Basically I doubt the ability to redistribute wealth via tax policy, given a basically free market economy.  In the very near term the government can favor a group of people but after a few years of a given tax policy, the market for salaries takes care of it.  The really rich (not guys like me as some on the left seem to think) pay a high percentage of the income tax burden than ever, but possess an even higher percentage of the wealth.  I'm not against this.  I'm just pointing out the futility of it all.

As for those who think everything in the US can be outsourced to other countries leaving only rich people here and their servents, the stupidity of this notion is so astounding that one scarcely knows where to begin your economic education.  It is the same old tired and very incorrect argument people have made against free trade forever.  You are making the false assumption that there is some kind of constat sized pie of stuff that we are all fighting over.  The fact is that free trade increases the size of the pie and everyone can end up with.  Sure, you might need to change jobs to one in which we have an advantage, but really, job security has always been an illusion.

Name withheld out of cowardice
Friday, November 14, 2003

"no one who could afford an accountant ever paid it"

Yes. Being middle class always puts you in a tough spot, since you have enough that taxing you is worthwhile, but you don't have enough to pay for really good protection for your wealth.

Anal Yeast
Friday, November 14, 2003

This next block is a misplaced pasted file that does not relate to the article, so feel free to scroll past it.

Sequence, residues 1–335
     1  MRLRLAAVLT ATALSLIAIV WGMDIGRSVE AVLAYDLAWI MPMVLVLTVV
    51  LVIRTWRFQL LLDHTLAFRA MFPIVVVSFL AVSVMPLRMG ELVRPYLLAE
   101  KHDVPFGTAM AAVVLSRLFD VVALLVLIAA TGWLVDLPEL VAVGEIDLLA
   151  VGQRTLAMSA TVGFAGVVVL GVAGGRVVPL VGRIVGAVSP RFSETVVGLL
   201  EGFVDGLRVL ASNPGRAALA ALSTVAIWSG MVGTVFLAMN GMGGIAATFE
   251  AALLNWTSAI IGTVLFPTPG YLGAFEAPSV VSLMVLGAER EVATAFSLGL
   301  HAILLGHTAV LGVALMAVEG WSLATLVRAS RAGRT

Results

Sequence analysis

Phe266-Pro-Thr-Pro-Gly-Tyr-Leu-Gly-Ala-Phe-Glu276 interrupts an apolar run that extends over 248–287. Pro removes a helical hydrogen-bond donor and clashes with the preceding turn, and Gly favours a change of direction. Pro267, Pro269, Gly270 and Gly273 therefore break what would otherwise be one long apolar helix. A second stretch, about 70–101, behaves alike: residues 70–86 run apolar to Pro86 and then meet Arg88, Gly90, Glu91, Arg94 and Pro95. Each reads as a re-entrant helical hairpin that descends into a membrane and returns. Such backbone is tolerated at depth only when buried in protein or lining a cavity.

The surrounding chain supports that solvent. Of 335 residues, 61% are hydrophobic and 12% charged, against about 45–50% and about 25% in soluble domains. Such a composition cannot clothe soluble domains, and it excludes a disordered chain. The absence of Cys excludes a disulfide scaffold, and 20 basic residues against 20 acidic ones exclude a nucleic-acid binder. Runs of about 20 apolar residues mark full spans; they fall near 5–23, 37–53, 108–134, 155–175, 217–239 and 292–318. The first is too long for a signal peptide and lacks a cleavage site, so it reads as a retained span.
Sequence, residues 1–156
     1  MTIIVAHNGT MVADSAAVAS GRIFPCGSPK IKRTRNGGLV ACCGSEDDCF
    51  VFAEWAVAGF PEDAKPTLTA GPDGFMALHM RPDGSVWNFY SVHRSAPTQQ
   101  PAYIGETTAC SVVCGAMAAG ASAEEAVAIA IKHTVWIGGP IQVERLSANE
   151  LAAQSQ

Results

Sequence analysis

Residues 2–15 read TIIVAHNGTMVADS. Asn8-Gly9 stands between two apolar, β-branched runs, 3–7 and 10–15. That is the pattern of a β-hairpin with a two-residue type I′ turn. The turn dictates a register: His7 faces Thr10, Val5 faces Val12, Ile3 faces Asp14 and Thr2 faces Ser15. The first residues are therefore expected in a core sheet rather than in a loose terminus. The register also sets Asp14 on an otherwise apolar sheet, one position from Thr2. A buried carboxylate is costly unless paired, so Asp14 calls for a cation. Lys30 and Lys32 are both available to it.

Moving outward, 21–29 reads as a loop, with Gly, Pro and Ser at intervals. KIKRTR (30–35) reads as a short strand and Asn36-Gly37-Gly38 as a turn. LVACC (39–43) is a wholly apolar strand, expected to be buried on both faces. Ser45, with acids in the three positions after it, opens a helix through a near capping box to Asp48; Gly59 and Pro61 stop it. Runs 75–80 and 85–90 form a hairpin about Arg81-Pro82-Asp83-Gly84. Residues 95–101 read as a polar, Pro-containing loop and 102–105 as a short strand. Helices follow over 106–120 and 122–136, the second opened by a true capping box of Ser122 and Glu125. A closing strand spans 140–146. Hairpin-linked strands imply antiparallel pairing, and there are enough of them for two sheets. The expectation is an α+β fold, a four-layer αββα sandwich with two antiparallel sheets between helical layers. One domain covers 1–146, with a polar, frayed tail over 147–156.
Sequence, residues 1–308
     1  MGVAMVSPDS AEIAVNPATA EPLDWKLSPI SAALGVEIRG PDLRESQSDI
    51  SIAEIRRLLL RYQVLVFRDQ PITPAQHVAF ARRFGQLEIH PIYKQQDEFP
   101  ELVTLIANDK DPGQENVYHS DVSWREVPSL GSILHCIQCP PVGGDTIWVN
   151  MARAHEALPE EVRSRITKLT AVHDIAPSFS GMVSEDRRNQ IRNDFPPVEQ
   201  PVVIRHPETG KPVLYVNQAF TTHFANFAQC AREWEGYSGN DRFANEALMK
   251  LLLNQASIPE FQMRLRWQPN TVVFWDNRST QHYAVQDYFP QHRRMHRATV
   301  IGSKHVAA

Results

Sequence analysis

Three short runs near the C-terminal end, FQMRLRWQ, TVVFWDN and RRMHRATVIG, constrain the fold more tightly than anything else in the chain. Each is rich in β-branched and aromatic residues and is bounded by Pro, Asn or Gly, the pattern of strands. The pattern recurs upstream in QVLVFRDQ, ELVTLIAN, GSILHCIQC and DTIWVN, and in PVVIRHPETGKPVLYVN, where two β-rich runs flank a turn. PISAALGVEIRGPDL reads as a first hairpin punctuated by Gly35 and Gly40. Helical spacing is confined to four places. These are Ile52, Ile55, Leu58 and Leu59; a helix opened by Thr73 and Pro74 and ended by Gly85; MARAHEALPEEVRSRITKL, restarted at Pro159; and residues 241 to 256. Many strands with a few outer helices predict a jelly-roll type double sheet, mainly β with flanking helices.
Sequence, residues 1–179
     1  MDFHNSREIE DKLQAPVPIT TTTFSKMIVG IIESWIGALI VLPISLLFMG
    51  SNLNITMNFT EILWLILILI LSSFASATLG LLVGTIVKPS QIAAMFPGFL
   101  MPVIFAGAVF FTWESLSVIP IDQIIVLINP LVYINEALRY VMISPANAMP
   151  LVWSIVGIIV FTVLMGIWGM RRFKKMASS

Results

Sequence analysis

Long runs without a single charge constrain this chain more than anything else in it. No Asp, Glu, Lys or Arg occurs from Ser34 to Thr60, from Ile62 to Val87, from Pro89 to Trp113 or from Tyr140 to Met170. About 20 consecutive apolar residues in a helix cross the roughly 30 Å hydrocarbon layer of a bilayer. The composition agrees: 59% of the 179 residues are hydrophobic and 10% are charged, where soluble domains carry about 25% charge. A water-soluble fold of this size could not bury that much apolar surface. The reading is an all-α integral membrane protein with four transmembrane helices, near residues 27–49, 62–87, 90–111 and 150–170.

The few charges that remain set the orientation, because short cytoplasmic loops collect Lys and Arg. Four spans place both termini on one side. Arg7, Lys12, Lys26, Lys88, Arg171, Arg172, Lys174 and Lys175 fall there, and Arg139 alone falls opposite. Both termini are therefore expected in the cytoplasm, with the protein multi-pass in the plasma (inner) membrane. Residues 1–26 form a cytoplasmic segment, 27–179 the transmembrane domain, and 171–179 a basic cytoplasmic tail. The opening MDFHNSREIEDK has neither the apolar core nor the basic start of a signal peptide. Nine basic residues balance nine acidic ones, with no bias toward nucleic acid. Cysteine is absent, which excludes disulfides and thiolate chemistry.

As a moderate I really have to comment on the Bush stuff because I've seen that both sides of the political fence have become way too vitriolic in the past decade - and that's not good for anyone in this country.

Yes, Bush was a rich boy.  But so was Gore.  Looking toward the next election, Dean was born and raised on Park Avenue (not in rustic New England).

Take a look at our Senators and Governors. There's a lot more millionares in that bunch than working class stiffs.

Neither side of the aisle really goes out of their way to look after the working class.  Some give more lipspeak than others, but look to the special interests to see where their hearts really lie:

Bush: Haliburton contracts for Cheney's buddies.
Clinton: you hafta do NAFTA.
Bush: tax cuts for corporate dividends.
Hillary: Lured Tata Consultancy to Buffalo.

The list could go on and on.  Sorry, but no one in D.C. is really looking out for you.

Reality Bites
Friday, November 14, 2003

Bored, you're right. Being 28, I wasn't really around for the 70's and 80's, but the things you're saying do ring a bell.

The 20th century saw the dissolve of the pension system, which was another social contract. On the other hand, when did the idea that the company you worked for should take care of you once you retire start?

When did this "good office jobs with salary" contract begin? In the history of the world, my guess is it's just a small blip.

I would also gess that "screwage of the population" is the norm, as is a certain level of cynicism. In terms of history and the world as a whole, 20th century America, particularly the latter half, was probably the exception and not the rule. Just look at... almost any other nation in the world, or any other period of history.

This desperation and cynicism you're talking about is the norm. Just browse the CIA World Factbook (q.v.) and look at the economic conditions of any random nation.

Here's a quick reference of all the nations and what percentage of their population is below the poverty line:

going down the list we get: 30, 23, 37, 50, 49, 35.6, 22, 4, 33, 37, 70, 47, 22, 12.6, 45, 25, 70, 36, 48, 30, 80, 21 and so on.

The United States is 12.7, so most countries on the list are at least twice as bad as we are. India, btw, is 25%. I believe Romania has been mentioned as a potential outsourcing location is at 44.5%.

(I have to go or I'd continue making my point)
Friday, November 14, 2003